Investigators continue to piece together the exact chain of events that led to the deaths of at least 151 people. Open crowd In Seoul’s Itaewon district on Saturday night, an expert suggested there might be “no triggering moment”.
According to the local fire chief, when the crush happened, thousands of people were out on the streets of the South Korean capital to celebrate Halloween, and many of them had gone to the nightlife district of Itaewon – both areas known for it. Vibrant Nightlife As well as its narrow streets and lanes.
Witnesses say streets and alleyways were packed with people outside bars, pubs and restaurants.
At some point, many people appear to have tried to flee the area — although officials said there was no gas leak or fire when the first emergency call came in at 10:24 p.m. about people “buried” in the crowd.
Juliet Kayem, a disaster management expert and national security analyst for CNN, said the city’s density may have played a role in the tragedy.
Kayem said that the combination of narrow streets and dead-end alleys “would certainly have been deadly” in a panic situation, and that people in Seoul would not have seen the danger because they were used to crowds.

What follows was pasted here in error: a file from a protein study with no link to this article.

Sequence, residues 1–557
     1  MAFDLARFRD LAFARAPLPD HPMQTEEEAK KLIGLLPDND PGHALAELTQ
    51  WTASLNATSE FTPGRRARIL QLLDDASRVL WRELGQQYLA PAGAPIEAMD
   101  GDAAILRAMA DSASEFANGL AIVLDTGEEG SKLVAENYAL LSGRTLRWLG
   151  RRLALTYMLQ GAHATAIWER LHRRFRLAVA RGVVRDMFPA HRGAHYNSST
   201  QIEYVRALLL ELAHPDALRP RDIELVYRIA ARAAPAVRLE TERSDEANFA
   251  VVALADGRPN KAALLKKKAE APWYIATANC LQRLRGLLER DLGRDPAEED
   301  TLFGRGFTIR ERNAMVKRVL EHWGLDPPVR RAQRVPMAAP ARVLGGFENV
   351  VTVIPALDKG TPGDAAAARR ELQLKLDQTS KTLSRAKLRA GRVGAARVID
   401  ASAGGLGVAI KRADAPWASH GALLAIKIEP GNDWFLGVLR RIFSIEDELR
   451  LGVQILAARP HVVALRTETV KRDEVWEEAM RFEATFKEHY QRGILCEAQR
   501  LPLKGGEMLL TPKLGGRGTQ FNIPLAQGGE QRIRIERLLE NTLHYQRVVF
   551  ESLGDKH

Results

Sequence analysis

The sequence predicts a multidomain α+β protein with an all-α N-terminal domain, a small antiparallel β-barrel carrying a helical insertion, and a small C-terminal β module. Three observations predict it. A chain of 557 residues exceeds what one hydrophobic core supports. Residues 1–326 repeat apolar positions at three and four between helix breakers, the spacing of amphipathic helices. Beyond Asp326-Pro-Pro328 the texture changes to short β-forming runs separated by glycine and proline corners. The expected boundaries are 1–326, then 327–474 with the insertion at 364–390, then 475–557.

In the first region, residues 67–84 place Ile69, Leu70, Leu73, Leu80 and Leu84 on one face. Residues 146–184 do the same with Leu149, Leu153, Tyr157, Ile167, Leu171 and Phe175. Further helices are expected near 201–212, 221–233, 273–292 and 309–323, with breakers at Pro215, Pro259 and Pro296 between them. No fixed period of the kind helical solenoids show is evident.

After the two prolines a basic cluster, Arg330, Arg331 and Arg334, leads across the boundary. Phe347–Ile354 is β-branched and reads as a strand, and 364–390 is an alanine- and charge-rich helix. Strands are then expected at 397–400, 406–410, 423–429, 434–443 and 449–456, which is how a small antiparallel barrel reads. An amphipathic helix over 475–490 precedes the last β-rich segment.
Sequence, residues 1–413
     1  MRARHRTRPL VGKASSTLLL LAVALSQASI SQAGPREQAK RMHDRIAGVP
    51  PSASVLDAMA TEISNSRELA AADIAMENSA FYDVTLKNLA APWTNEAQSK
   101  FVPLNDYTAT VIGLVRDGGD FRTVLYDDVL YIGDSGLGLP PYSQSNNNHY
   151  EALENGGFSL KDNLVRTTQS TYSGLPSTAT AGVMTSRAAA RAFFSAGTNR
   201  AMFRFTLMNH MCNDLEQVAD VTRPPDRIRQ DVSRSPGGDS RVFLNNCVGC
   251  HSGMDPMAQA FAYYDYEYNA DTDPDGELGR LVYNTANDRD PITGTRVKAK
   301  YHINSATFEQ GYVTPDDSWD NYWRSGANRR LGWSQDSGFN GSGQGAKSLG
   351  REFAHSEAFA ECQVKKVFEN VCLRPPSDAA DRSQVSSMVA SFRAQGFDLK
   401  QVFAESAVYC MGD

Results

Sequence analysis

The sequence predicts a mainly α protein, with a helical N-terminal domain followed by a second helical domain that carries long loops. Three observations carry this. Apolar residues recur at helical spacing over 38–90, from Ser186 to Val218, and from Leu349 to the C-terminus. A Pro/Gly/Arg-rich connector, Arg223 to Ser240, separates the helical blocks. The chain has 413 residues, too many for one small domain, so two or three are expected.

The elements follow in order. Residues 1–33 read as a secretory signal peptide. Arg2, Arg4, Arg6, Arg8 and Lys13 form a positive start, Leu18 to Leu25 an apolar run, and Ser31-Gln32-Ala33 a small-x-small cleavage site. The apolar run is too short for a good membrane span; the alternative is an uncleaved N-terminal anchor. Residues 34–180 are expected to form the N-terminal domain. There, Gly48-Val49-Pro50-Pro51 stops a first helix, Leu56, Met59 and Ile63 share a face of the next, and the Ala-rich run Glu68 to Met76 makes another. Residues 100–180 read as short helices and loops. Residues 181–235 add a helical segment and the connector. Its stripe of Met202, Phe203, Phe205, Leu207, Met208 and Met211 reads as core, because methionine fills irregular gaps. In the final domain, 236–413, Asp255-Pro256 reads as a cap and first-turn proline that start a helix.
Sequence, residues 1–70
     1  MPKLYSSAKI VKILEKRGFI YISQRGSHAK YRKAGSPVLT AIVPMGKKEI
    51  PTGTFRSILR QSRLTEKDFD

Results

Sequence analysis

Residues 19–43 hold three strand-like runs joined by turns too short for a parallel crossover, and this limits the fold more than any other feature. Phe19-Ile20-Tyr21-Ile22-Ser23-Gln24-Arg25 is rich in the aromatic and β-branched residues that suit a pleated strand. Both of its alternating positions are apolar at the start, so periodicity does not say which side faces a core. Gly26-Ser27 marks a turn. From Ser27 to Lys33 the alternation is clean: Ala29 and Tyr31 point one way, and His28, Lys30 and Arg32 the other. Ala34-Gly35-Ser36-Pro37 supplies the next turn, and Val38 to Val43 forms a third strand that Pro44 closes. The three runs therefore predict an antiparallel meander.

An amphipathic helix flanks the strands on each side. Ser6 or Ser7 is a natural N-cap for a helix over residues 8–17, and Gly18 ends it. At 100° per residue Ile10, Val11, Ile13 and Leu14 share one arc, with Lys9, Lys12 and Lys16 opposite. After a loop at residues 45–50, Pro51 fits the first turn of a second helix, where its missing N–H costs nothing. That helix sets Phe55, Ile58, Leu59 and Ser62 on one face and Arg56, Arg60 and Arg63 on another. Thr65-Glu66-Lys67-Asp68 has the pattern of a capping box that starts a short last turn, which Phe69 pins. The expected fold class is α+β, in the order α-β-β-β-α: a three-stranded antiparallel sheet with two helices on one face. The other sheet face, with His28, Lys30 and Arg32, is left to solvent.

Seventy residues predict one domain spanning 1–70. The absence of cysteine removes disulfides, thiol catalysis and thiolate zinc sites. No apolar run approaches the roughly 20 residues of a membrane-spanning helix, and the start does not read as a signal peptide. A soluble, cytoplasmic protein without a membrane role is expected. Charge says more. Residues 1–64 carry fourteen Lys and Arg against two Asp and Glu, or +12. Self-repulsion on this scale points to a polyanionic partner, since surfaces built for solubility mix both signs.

“People in Seoul are used to living in crowded spaces, so maybe they’re not completely intimidated by crowded streets.”
She said panic is often a factor in tragedies like this, and “when panic sets in and you have nowhere to go, you’re likely to be crushed.”
However, she added that when such fears arise, “a lot of times, there isn’t a trigger moment.”
Still, she said while it was difficult to say what might have caused the crush officials “predicted a large number … before Saturday night.”
“It is the responsibility of the authorities to monitor crowding in real time, so that they can evacuate people,” Kayem said.